Zhang J. et al. (2015) suggested that the presence of certain freshwater plants, such as Iris pseudacorus, Thalia dealbata, and Typha orientalis L., affected the ecological characteristics of AOA and AOB significantly by increasing the abundance of ammonia oxidizers in the rhizosphere sediments. For the marine environment, investigations of Moin et al. (2009) and Chen and Gu (2017) revealed that the presence of Spartina alterniflora or S. patens and mangrove roots had a strong influence on the diversity and abundance of AOA and AOB in the coastal area and mangrove ecosystems, respectively. Furthermore, investigations of the ammonia-oxidizing prokaryotes have been conducted extensively in many different marine environments including the Changjiang Estuary, the Jiaozhou Bay, the tropical West Pacific Continental Margin, the Okhotsk Sea, the Sargasso Sea, the Northern South China Sea (Mincer et al., 2007; Nakagawa et al., 2007; Dang et al., 2013; Li and Gu, 2013; Newell et al., 2013; Lipsewers et al., 2014; Cao et al., 2015; Yu et al., 2016).
Regardless, almost all the above-mentioned investigations focused on the seawater and sediment using only DNA as a proxy to assess AOA and/or AOB. Few investigations have focused on ammonia-oxidizing prokaryotes in the aquatic benthic flora, particularly for the seagrass ecosystem (Zhao et al., 2014; Bernhard et al., 2016; Frame et al., 2016; Huang et al., 2016; Mejia et al., 2016; Ettinger et al., 2017). Not to mention the studies of AOA and AOB of seagrass in coral reef ecosystems aimed at revealing the transcriptional activity of relevant functional groups in their natural physiological state. Accordingly, in this study, we prepared archaeal and bacterial amoA gene DNA and cDNA libraries and performed reverse-transcription polymerase chain reaction (PCR) and real-time quantitative PCR (qPCR) to examine the community abundance, diversity and transcriptional activity of ammonia-oxidizing prokaryotes of the seagrass Thalassia hemprichii in the Luhuitou fringing reef, Sanya Bay and Yongxi Island, Xisha Islands. The aims of our investigation were as follows: (i) to evaluate the abundance and diversity of AOA and AOB communities, (ii) to compare community variations within and among the sample types and locations, and (iii) to analyze the transcriptional activity of AOA and AOB.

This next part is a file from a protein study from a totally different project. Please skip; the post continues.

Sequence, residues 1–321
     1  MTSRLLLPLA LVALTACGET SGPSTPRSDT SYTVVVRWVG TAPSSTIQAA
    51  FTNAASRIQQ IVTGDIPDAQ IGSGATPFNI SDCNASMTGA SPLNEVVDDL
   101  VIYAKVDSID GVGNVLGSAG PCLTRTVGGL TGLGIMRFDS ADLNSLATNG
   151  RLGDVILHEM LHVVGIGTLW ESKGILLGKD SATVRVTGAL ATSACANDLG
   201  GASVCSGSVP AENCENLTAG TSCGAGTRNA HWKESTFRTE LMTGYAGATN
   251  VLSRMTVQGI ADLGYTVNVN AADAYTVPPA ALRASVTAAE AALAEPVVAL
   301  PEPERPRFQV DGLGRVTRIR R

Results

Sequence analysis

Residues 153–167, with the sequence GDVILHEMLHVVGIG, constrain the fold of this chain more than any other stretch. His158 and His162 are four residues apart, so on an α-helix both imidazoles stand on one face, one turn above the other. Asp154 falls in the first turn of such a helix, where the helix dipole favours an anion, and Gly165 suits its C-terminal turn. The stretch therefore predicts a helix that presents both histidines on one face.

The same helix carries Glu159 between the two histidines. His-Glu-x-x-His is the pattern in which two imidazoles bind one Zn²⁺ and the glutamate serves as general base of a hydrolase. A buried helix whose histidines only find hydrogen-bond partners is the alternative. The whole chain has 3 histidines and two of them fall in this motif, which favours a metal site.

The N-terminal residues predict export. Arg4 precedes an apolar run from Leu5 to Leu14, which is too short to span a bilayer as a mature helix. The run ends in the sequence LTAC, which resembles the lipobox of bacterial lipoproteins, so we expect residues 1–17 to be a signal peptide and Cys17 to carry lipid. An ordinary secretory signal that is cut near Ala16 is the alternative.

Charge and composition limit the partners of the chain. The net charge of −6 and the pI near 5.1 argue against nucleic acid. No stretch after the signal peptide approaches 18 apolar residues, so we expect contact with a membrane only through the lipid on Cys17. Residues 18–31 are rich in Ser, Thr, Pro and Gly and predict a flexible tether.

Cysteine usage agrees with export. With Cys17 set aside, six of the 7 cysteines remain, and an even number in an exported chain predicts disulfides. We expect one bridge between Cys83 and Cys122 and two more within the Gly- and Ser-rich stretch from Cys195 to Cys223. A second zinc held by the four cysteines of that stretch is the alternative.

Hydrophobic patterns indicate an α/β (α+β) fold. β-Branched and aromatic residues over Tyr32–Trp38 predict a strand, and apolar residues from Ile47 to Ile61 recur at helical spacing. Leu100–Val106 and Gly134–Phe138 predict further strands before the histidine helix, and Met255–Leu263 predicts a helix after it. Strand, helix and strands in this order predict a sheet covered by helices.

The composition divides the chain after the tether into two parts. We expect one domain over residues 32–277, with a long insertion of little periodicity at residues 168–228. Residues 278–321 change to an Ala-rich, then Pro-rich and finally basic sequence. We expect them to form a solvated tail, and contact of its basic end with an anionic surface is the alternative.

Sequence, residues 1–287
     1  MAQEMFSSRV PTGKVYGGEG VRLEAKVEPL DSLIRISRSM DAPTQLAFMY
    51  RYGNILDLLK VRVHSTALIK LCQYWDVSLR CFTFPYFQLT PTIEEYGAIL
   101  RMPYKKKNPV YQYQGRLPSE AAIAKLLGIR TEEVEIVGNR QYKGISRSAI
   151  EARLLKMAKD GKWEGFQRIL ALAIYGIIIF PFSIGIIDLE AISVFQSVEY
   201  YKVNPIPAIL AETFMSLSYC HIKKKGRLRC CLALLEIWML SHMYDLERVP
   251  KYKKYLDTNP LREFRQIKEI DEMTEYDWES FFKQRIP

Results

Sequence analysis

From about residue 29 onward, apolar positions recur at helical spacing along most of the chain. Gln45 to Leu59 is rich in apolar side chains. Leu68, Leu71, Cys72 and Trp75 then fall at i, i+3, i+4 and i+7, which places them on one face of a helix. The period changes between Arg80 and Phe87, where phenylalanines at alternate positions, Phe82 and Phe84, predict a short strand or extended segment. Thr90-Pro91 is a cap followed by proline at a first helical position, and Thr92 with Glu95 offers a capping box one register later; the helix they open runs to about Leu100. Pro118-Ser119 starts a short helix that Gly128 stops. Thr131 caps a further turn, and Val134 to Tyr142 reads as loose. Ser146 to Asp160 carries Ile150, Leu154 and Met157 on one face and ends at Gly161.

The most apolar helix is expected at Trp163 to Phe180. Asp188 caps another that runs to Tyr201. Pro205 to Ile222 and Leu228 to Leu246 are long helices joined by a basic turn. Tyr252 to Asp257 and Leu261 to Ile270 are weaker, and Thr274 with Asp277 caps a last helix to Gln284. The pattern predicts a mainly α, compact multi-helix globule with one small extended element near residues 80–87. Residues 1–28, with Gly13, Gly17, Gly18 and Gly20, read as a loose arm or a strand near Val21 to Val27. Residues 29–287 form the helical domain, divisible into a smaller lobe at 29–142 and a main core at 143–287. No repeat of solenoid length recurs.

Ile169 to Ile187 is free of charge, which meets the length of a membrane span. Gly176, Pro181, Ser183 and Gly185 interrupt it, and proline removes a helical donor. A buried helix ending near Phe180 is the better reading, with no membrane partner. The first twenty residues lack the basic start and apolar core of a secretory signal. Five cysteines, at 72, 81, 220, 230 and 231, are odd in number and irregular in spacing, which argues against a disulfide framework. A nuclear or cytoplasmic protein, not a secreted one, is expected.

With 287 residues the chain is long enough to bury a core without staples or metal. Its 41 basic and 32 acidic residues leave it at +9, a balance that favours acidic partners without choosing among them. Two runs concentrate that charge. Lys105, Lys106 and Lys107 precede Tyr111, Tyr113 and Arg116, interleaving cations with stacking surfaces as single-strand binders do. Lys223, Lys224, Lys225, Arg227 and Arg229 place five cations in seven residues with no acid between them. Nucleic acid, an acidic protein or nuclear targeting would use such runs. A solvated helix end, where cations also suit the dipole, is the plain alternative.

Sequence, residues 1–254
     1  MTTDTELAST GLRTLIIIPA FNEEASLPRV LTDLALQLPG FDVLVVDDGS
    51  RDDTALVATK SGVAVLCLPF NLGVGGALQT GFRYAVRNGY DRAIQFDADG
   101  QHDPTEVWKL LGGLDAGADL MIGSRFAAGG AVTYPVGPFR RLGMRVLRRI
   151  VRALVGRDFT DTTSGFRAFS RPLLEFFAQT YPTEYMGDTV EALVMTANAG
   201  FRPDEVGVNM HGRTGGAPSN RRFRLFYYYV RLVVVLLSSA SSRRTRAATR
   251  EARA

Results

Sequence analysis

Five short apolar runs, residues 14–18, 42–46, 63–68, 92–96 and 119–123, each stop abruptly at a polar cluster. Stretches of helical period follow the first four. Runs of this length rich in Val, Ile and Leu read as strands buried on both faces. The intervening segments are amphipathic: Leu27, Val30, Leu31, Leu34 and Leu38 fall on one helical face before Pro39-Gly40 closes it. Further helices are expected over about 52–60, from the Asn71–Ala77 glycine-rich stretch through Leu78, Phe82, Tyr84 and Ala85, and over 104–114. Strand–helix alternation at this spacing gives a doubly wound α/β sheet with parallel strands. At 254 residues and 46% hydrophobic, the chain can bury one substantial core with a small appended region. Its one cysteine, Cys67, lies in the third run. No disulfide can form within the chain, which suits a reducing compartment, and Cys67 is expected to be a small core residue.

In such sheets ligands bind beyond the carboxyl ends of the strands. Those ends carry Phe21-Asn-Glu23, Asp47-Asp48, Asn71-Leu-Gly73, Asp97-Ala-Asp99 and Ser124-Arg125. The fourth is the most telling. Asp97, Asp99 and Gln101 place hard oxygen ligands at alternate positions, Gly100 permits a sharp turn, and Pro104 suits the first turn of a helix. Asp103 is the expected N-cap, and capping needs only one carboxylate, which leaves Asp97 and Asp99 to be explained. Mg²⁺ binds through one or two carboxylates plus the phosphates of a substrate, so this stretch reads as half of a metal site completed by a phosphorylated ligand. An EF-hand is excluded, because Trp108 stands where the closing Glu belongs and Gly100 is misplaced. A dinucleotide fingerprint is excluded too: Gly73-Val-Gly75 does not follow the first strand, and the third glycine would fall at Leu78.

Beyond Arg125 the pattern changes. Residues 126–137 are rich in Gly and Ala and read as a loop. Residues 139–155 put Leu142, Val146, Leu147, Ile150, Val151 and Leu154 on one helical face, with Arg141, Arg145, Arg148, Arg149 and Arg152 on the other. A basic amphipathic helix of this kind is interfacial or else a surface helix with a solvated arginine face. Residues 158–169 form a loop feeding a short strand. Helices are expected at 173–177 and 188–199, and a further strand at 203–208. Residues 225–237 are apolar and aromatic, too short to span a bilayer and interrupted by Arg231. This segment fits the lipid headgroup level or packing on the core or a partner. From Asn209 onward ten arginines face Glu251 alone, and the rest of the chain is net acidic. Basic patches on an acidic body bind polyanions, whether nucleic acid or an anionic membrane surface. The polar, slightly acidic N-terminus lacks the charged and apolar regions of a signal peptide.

Materials and Methods
Study Sites and Sampling
Seagrass T. hemprichii is one of the most widely distributed seagrass species among tropical southern Indo-Pacific flora, and exists in a monospecific or mixed-species status. The sampling locations were distributed in Sanya Bay (SYT) and Yongxing Island (AT and ST), South China Sea (Supplementary Figure S1). Samples at SYT were collected from the Luhuitou fringing reef (18°12′19″ N, 109°28′27″ E) located in Sanya Bay, Hainan Province. The average atmospheric temperature at this site is 30.74°C, with warm summers (34.75°C) and cold winters (27.20°C). The Luhuitou fringing reef area is under the effect of the northeast monsoon (cold and dry winter and spring) and southwest monsoon (warm and wet summer and autumn) during the East Asian monsoon climate (Wu et al., 2008; Cao et al., 2017). Two other sampling locations, AT (16°50′32″ N, 112°20′41″ E) and ST (16°50′6″ N, 112°22′10″ E), are located on Yongxing Island, which is a reef island formed by the accumulation of white coral skeletal material and shell sand on a reef platform. The annual average temperature on Yongxing Island is 26.5°C. This island is also under the effect of the East Asian monsoon (Shen et al., 2017).
Seagrass meadows in the Luhuitou fringing reef and the Yongxing flat reef are representative of the different styles of seagrass meadows in coral reef ecosystems. T. hemprichii appeared at the Luhuitou fringing reef after the coral reef has degraded, and it is the only seagrass species present. In the Yongxing Islands, the seagrass is found in a mixed-species status, with seagrasses Syringodium isoetifolium, Halodule uninervis, and Halophila ovalis at AT, whereas T. hemprichii was dominant over seagrass H. ovalis at ST. In comparison with the Yongxing flat reef, Luhuitou fringing reef areas show higher nutrient concentration, particularly nitrogen, which was attributed to the increasing anthropogenic activity (Cao et al., 2017).
Samples from the Luhuitou fringing reef and Yongxing flat reef were collected on May 28th and June 1st, 2015, respectively. Sampling was carried out according to the methods of Jensen et al. (2007) at low tide. Plants with surrounding sediment were randomly collected using a spade, and immediately transported in sterilized boxes for subsequent subgrouping in triplicate. Sediment from the plant roots and associated invertebrates from leaves and roots were separated by washing with autoclaved seawater. Bulk sediment was also collected at the same area. All sediment samples were collected in triplicate at each location and thoroughly homogenized using a sterilized spoon. Samples collected from one site were divided into four sections: leaves (L); rhizomes and roots (R); rhizosphere sediment (RS) and bulk sediment (S). All samples for DNA/RNA analysis were stored in sample protectors (TaKaRa, Dalian, China), frozen immediately, and stored at -80°C until further analysis.